Getting started with Camunda as a Java Developer

It is estimated that the number of Java developers in the world was 7.1 million as of September 2018 that number was projected to will reach 7.6 million during 2019 and increase to 8-9 million during 2020s.

During 2020, Java turned 25 years old, Java continues to transform, while there are numerous reasons why Java continues to be a leader in the world of development and remains a programming language worth learning in 2021.

As a Java Developer, the chances of needing to interact/integrate with a Workflow or Process Engine are very high, fortunately, the open-source Camunda Platform has been designed to make that an easy task.

Who is the intended audience here?

The intended audience for this podcast and I may extend this into a series, is basically my geeky brethren. Java Developers who want to start using Camunda.

So, in order to follow along, you should probably be at least two years into your career as a Java developer, and be comfortable with Java, Spring, maven, etc. I’m not going to be teaching those, because better teachers than me have already created excellent free content on that.

If you’re looking for a recommendation, I can’t praise The Java Brains Series on YouTube enough. That guy is an excellent teacher, and very generous with his knowledge. I’ve provided a link below.

An overview of the context for someone who’s brand new to Camunda

Camunda allows you to visually draw the sequence in which your application code is executed, along with branching logic, timers, decision tables, etc. These drawings are interpreted as XML by the Camunda engine and executed. The executing engine provides optimized performance, as well as automated logging, versioning, and so much more. The idea is that you can use a tool to control the orchestration of your code, and thus free developers up to focus on the raw excellence of what happens at every step.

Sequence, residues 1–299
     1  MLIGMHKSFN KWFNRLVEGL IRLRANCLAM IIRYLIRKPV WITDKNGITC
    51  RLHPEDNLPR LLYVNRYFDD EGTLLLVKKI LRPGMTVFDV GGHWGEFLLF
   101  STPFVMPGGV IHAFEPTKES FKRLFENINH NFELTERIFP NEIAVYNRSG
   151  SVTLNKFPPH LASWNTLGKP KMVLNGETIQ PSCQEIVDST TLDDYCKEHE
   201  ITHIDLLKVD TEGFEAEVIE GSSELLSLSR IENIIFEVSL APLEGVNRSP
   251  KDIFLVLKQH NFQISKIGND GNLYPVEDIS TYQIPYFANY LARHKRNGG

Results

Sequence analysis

How does the Camunda Process engine know what step you want to execute at any given point?

Every step in your process can be tied to a Java class, and that class’s ‘execute’ method will be called when the sequence flow leads you to that step.

What’s the significance of the fact that it’s on Spring Boot?

So that’s a really big deal. It means that your process has a bundled BPM process engine, and Tomcat engine, as an intrinsic part of it. These, in turn, can be super optimized for your particular process, which is really the way the “Camunda Gods” intended for your engine to work. It’s a game-changer, and something we’ve talked about before.

What are the top five things you need to know about using the Camunda Decision Engine work?

This podcast discusses 5 things you need to be aware as “Best Practices” when starting with Camunda as Java Developer. Stuart and Max discuss how Java and Camunda were designed to work together, usage of the visual sequencing feature in Camunda, how Camunda interfaces with Java code, step management with Camunda and the importance of Spring Boot support within Camunda.